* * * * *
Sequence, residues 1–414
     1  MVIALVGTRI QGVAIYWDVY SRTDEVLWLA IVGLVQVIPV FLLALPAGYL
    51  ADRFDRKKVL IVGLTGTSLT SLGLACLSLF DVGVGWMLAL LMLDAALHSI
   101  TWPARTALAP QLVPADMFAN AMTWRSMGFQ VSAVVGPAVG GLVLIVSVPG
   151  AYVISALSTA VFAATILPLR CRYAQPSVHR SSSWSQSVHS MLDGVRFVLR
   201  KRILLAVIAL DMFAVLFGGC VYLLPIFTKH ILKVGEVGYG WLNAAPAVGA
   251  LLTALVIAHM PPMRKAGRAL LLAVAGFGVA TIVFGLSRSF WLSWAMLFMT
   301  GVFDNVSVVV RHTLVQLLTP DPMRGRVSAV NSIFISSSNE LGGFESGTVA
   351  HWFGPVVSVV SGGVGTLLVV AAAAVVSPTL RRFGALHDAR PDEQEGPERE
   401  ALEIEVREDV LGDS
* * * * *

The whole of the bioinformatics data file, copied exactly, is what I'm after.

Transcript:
Sequence, residues 1–414
     1  MVIALVGTRI QGVAIYWDVY SRTDEVLWLA IVGLVQVIPV FLLALPAGYL
    51  ADRFDRKKVL IVGLTGTSLT SLGLACLSLF DVGVGWMLAL LMLDAALHSI
   101  TWPARTALAP QLVPADMFAN AMTWRSMGFQ VSAVVGPAVG GLVLIVSVPG
   151  AYVISALSTA VFAATILPLR CRYAQPSVHR SSSWSQSVHS MLDGVRFVLR
   201  KRILLAVIAL DMFAVLFGGC VYLLPIFTKH ILKVGEVGYG WLNAAPAVGA
   251  LLTALVIAHM PPMRKAGRAL LLAVAGFGVA TIVFGLSRSF WLSWAMLFMT
   301  GVFDNVSVVV RHTLVQLLTP DPMRGRVSAV NSIFISSSNE LGGFESGTVA
   351  HWFGPVVSVV SGGVGTLLVV AAAAVVSPTL RRFGALHDAR PDEQEGPERE
   401  ALEIEVREDV LGDS